In the summer of 1988, officials closed down a rock concert in the center of the capital. Undeterred, the young audience walked three miles to the traditional festival site and resumed singing and for the next six nights they kept on singing. Each night the crowds grew larger and stronger as hands were joined and lifted, hearts were united and those hauntingly beautiful, illegal-to-sing folk songs echoed throughout the land. As these beloved, forbidden hymns began to create a resounding groundswell, Estonian flags were unfurled, passions were ignited and during the next three years Estonians sang one long, unending song until the enemy was finally defeated.
Currently, Javier Sicilia, a well-loved Mexican novelist/poet is leading grassroots national protests against the soulless drug cartels and the extreme violence they are inflicting on the people of Mexico. In China, Ai Weiwei, an internationally renowned contemporary visual artist/architect and one of China’s most prominent political activists, is calling for radical changes in the Chinese government. Both artists are in the thick of the most intense sort of spiritual struggle.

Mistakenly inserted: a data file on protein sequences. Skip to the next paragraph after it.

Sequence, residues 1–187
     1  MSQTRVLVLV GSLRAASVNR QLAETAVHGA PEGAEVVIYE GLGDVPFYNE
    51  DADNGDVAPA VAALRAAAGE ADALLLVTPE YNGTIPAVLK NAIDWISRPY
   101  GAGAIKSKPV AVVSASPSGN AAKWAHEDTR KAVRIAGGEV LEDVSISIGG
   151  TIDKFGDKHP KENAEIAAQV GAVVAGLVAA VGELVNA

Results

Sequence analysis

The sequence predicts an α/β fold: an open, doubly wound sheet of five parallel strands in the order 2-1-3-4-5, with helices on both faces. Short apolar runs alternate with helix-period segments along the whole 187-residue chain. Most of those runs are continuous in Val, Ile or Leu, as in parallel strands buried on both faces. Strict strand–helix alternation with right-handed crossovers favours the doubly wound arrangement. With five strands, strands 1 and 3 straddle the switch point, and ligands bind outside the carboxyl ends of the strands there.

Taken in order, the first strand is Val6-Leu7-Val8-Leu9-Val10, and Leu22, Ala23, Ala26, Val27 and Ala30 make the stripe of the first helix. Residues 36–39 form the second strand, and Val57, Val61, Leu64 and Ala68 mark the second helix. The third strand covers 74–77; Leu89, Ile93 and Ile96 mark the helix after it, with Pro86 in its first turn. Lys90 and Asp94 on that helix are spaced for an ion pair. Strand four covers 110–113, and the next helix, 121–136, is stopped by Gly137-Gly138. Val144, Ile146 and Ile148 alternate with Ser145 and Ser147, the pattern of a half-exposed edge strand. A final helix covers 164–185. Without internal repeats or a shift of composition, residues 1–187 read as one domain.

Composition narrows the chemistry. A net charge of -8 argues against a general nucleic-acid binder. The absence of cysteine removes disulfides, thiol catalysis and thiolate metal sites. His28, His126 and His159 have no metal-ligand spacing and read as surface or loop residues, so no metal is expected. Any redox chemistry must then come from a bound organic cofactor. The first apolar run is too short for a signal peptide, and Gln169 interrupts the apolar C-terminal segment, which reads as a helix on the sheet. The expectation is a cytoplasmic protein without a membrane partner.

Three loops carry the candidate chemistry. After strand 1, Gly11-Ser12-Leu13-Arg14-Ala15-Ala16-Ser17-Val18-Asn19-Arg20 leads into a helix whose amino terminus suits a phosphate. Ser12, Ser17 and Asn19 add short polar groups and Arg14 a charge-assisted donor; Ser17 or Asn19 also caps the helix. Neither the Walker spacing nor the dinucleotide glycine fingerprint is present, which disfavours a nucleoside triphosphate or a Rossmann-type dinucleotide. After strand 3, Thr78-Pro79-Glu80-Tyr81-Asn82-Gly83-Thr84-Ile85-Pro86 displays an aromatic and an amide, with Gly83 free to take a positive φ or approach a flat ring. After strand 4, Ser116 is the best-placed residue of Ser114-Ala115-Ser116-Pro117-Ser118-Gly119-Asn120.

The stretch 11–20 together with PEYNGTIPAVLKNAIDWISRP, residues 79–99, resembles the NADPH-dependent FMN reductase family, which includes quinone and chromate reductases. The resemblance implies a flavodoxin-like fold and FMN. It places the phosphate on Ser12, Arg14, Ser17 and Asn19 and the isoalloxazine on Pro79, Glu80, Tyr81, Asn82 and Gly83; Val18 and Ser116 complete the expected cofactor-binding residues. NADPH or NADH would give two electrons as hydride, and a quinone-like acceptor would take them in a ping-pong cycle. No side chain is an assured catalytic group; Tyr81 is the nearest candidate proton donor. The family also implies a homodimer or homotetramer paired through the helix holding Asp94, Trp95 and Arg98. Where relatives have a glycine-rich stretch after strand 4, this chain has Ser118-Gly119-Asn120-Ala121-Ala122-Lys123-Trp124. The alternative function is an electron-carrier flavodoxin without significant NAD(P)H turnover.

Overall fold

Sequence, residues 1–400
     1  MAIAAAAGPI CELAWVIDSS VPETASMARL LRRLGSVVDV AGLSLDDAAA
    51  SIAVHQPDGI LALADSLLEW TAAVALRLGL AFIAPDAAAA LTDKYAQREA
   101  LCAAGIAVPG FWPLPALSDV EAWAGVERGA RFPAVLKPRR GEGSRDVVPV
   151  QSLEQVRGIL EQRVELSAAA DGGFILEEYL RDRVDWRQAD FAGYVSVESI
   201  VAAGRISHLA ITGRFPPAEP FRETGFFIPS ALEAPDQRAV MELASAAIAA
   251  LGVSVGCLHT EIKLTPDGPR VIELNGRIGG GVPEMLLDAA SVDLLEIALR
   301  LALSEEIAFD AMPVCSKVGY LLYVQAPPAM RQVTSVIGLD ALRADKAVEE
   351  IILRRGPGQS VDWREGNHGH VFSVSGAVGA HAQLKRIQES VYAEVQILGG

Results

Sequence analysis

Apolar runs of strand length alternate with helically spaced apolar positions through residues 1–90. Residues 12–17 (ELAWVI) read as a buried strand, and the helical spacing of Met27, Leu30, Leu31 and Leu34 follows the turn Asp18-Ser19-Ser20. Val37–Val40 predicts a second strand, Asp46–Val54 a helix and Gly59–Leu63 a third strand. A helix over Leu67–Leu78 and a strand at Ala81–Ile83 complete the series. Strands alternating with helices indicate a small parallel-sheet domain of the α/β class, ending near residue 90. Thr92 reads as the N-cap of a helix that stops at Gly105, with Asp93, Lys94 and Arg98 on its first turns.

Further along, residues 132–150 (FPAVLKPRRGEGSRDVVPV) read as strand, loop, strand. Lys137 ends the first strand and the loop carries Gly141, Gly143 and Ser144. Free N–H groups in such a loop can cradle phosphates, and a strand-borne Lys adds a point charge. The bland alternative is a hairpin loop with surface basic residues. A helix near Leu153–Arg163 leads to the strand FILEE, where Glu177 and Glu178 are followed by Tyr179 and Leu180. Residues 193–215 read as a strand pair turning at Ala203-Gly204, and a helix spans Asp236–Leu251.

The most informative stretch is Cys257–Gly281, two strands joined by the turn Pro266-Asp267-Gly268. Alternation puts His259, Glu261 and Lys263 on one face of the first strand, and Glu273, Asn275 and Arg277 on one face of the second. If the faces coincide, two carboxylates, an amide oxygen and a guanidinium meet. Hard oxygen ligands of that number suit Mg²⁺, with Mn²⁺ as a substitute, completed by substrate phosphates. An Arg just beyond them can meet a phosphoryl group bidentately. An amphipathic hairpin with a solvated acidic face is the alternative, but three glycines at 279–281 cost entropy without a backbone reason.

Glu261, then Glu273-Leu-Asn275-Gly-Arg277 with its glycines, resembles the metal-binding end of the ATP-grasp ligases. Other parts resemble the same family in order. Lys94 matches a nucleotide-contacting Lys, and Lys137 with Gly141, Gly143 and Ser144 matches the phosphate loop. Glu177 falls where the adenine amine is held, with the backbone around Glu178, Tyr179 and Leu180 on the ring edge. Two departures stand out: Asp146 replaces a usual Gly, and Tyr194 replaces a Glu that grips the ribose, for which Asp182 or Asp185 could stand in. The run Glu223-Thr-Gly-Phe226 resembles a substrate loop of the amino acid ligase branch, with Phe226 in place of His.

Artists tend to be change agents and the arts, vehicles that give voice to irrepressible truths. They can be powerful tools to convict, convince and inspire positive change in individuals as well as organizations and societies.
I have had the privilege of experiencing many satisfying, even exhilarating art-filled moments throughout my life. In his book, Pilgrim Heart, Pepperdine University’s provost, Dr. Darryl Tippens, suggests that the arts exist so that we might more fully “encounter truth, awaken a longing for transcendence, experience mystery and ... cultivate faith through the exercise of the imagination.”
I concur and would go so far as to say that if it weren’t for the arts, I probably would not be a Christian today. For it has been and continues to be in those mysterious, sensate, soulful encounters that the Lord has chosen to confirm his presence and nourish me at the very center of my being.
Barry Krammes is a professor of art and director of the University Art Gallery at Biola.